“If the NFL was under normal circumstances, there were three teams I spoke with that would have invited him to a mini-camp tryout at a minimum and one team was actually very close to signing him to their 90-man roster.
“He’s got some of the things that you can’t coach and are hard to find, which are the size, the motor and the athleticism.”
Pae was clocked as fast as 4.65 seconds in the 40-yard sprint and leaped 10 feet, two inches in the broad jump.
Third round, 24th overall
Linebacker Malik Tyne was another late-comer to football. He had been recruited from Brampton, Ont., to play basketball at The John Carroll School in Bel Air, Md., during his sophomore year of high school, but the football coach finally convinced him to try football in his senior year.
“They made me play running back,” Tyne told The Baltimore Sun. “I didn’t know what gaps were, I didn’t know what anything was. They gave me the ball and made me run with it. That was my first introduction to football.”
He didn’t know how to strap on his helmet or his pads, but he could run – 48 times for 381 yards and six touchdowns – and caught five passes for 50 yards. Tyne eventually selected Towson University (also in Maryland) and shifted to outside linebacker.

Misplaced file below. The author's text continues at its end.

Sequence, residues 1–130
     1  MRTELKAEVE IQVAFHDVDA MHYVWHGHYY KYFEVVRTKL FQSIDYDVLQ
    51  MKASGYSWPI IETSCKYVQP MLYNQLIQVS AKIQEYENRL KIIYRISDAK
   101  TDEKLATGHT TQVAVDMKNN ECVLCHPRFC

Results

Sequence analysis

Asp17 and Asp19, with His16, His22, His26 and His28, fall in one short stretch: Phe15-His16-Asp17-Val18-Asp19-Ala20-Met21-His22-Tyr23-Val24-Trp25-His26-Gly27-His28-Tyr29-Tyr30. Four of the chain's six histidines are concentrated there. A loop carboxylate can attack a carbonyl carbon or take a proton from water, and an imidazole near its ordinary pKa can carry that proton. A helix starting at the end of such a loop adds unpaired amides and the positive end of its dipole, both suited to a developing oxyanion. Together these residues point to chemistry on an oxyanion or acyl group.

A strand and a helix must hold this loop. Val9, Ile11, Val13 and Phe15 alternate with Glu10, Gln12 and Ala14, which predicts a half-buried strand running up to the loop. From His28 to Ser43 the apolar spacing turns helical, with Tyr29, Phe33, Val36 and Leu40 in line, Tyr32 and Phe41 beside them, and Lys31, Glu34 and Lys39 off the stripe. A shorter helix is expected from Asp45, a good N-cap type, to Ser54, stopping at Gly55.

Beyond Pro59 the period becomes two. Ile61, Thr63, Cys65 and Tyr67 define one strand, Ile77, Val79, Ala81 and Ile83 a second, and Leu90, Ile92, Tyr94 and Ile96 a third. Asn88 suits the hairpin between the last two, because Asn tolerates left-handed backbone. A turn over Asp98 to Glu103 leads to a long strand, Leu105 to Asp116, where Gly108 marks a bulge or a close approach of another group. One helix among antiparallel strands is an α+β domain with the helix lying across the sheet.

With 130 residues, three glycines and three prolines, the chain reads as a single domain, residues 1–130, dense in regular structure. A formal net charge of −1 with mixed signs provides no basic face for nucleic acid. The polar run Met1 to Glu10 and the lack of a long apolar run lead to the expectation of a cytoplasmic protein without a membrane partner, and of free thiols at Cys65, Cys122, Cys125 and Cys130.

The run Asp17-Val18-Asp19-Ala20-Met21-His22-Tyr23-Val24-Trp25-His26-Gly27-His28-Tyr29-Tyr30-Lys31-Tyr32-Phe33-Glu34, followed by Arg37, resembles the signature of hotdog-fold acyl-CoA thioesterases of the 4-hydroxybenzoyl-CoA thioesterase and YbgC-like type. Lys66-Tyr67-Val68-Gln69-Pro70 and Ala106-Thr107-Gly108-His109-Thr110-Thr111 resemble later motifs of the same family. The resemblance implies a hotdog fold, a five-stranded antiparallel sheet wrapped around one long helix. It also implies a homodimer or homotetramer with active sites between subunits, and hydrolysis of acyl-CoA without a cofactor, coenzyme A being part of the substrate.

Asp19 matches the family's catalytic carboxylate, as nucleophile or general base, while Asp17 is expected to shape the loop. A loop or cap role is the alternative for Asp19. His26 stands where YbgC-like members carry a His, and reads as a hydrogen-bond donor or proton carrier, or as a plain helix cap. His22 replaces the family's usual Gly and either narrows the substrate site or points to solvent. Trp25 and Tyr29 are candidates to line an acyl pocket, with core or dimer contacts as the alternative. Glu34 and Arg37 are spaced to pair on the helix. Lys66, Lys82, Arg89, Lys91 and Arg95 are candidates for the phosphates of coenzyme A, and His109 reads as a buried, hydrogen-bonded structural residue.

“Did I want to play defense? Yeah, I did,” he said. “Honestly, I was tired of getting hit. I’d rather do the hitting.”
Tyne, six-foot-three, 235 pounds, was a blitzing linebacker at Towson, playing 43 games and making 75 tackles, 8.5 sacks, four forced fumbles and three fumble recoveries.
Fourth round, 32nd overall
Oludotun (Dotun) Aketepe was a ballhawk at the University of Guelph, collecting eight interceptions (including seven the last two years) during 26 games from 2016-19. The six-foot, 184-pound defensive back, who played in the U Sports East-West Bowl game a year ago, also had 87.5 tackles, two quarterback sacks and was named an OUA all-star in 2019.